Twitch, Pokémon Company Team Up for Movie/TV Marathons

Twitch and The Pokémon Company International are joining forces to offer “Pokémon: The Series,” featuring 16 movies and 19 television seasons comprised of 932 episodes. Twitch plans to livestream the marathons — the longest program-related viewing event it has ever streamed — in several blocks, beginning August 27 and running into 2019. The two companies first partnered on the “Twitch Plays Pokémon” social experiment in 2014. The marathons will help market the Nintendo “Pokémon” games slated to debut this fall.

VentureBeat reports that, “the viewing event begins with the first season, ‘Pokémon: Indigo League’, on August 27 at 10:00 a.m. Pacific time for Twitch audiences in U.S., Canada, Europe, Latin America, and Australia” on the TwitchPresents channel, dubbed in French, German, Spanish, Italian and Brazilian Portugese on its companion channels.

An Extensions overlay, “Twitch Presents: Pokémon Badge Collector,” will allow viewers to collect virtual Pokémon badges “that appear on-screen for points that place them on a leaderboard.”

“The Twitch community has a passion for ‘Pokémon’ based on the warm embrace the series received when we celebrated the brand’s 20th anniversary, as well as the cultural milestone that was set when over a hundred thousand Twitch members played ‘Pokémon’ together,” said Twitch director of business development Jane Weedon, who added the viewing event “marks our most ambitious block of animated programming to date in terms of duration and content.”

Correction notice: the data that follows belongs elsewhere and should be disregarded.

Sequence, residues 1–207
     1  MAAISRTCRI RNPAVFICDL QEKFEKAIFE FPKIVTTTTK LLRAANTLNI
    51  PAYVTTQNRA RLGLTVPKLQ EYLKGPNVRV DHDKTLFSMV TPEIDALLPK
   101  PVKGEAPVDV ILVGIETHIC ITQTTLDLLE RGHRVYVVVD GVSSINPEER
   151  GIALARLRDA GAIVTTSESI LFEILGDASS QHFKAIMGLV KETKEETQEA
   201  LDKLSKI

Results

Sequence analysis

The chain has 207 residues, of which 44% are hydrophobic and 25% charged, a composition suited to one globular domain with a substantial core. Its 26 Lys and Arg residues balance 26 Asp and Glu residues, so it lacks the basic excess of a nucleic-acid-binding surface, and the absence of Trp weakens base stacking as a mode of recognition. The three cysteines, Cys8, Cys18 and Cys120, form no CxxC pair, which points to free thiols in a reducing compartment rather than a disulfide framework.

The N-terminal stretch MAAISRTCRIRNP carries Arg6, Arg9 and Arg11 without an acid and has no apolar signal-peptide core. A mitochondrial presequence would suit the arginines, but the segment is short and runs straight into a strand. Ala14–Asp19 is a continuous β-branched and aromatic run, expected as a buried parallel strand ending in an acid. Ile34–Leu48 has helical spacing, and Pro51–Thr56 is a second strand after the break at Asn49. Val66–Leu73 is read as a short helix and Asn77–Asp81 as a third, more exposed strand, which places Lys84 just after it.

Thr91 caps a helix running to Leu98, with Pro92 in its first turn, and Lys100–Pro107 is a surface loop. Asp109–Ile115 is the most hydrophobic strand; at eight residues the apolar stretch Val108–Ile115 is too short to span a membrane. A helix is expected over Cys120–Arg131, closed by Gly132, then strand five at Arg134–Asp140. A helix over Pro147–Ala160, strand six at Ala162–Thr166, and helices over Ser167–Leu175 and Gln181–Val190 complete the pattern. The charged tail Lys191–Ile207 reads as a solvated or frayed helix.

The Pokémon Company senior director of consumer marketing J.C. Smith added that, “the animation provides a breadth of engaging content for the community as they learn more about ‘Pokémon’.”

TechCrunch reports that previous Twitch “retro binge watch fests” focused on old shows like “Bob Ross,” “Julia Child,” “Mister Rogers,” “SNL,” and most recently, “Knight Rider.” This is the second time Twitch offered an interactive element, the first being a “watch and win” extension during a “Doctor Who” broadcast, which “focused on collecting contest entries.”

The event is taking place, says TechCrunch, as Twitch seeks a broader audience, “wooing creatives like vloggers, cooks, artists, and others to come to its site, instead of only broadcasting on YouTube.” According to Bloomberg, “Two of the fastest-growing genres on Twitch are livestreams of TV shows and ‘IRL,’ or in real life, videos — where posters welcome fans into their world for a few hours at a time. IRL videos are an unedited version of the video blog, or vlog, one of the dominant genres on YouTube.”

Twitch stated this livestream is “appropriate for fans 13 and up — which means it could attract those whose first real exposure to ‘Pokémon’ was the mobile game that went viral following its launch in 2016.”

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